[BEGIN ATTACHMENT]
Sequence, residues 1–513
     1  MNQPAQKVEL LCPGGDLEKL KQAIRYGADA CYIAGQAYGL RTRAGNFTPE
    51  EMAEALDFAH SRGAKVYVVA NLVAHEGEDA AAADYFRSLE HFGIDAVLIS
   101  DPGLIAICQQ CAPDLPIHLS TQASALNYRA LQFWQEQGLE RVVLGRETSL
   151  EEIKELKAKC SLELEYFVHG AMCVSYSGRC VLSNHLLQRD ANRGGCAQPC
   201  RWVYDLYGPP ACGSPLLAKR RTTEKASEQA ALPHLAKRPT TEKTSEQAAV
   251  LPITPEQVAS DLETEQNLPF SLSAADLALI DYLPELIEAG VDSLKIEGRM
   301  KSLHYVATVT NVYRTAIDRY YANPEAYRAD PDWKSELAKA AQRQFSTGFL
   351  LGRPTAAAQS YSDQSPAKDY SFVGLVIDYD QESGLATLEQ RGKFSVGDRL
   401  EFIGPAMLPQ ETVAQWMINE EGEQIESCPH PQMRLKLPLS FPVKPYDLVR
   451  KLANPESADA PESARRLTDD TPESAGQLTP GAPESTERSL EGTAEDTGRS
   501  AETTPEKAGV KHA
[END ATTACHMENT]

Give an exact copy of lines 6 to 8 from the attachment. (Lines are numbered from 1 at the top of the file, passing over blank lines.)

   201  RWVYDLYGPP ACGSPLLAKR RTTEKASEQA ALPHLAKRPT TEKTSEQAAV
   251  LPITPEQVAS DLETEQNLPF SLSAADLALI DYLPELIEAG VDSLKIEGRM
   301  KSLHYVATVT NVYRTAIDRY YANPEAYRAD PDWKSELAKA AQRQFSTGFL